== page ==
Authoritarianism, Conspiracy Beliefs, Gender and COVID-19: Links Between Individual Differences and Concern About COVID-19, Mask Wearing Behaviors, and the Tendency to Blame China for the Virus

Front Psychol. 2020 Nov 26;11:597671. doi: 10.3389/fpsyg.2020.597671. eCollection 2020.

Abstract

The present study investigated variables potentially associated with a lack of concern about COVID-19 and belief in the conspiracy theory that China is responsible for the virus. In particular, the study looked at Authoritarianism, Conspiracy Beliefs, gender, and consistency of handedness as predictors of nine Likert-type items gauging attitudes, behavior, and beliefs regarding the virus. Initial analyses showed that Authoritarianism predicted less concern about the impact of the virus on health, less mask wearing, and a stronger belief in China's responsibility for the illness. Conspiracy Beliefs were associated with a stronger belief in China's responsibility. Women expressed greater degrees of concern about their own and others' health and about the financial wellbeing of others. In order to reduce the number of dimensions, and thus the number of tests that could yield a type one error, the nine items were then submitted to a principal components analysis which yielded a "Concern about COVID" factor and a "Blame for China" factor. Authoritarianism is generally associated with less concern about the virus. In addition, men showed less concern about the virus overall than women. Both Authoritarianism and Conspiracy Beliefs accounted for unique variance in blame on China for the virus.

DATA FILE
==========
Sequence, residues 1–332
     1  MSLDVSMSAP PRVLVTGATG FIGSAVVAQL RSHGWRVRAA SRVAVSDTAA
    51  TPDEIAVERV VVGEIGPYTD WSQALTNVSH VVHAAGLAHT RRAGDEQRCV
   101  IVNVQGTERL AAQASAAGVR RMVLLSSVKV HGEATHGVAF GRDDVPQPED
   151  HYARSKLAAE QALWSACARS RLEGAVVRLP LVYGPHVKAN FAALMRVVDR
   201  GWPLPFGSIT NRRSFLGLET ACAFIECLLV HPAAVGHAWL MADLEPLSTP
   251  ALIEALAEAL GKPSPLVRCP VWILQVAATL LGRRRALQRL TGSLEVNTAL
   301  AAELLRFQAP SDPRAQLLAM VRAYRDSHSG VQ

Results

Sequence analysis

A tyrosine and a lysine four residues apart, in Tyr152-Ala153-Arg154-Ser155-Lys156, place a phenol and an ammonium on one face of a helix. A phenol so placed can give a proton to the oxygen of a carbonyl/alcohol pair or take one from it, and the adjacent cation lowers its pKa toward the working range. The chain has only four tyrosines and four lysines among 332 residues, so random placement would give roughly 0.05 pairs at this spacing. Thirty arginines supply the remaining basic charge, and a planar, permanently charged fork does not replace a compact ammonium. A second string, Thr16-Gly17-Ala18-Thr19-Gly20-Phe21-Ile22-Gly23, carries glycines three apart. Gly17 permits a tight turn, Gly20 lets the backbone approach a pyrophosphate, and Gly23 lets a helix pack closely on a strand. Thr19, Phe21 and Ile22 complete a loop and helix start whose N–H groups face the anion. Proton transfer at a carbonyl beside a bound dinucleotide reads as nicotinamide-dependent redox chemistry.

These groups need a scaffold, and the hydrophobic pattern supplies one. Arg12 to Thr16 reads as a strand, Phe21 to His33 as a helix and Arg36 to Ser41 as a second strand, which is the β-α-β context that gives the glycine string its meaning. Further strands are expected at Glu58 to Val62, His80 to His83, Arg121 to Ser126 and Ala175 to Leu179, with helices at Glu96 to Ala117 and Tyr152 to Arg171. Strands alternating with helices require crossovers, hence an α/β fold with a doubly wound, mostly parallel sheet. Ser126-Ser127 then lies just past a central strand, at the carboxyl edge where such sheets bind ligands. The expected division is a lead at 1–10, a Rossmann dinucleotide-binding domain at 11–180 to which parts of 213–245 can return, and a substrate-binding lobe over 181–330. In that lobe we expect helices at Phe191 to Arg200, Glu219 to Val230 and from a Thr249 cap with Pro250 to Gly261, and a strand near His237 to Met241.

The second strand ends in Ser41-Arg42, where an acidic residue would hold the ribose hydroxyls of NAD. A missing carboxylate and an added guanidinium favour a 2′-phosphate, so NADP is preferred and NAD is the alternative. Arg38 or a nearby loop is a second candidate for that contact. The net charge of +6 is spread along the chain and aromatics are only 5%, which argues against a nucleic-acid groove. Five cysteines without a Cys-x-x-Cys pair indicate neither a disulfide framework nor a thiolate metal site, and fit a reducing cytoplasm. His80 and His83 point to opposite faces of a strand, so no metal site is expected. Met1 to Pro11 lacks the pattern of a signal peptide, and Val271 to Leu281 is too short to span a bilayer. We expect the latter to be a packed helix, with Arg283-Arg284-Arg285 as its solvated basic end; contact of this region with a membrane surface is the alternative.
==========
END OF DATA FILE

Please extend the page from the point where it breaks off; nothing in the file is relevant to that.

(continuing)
Keywords: COVID-19; authoritarianism; conspiracy beliefs; gender; handedness.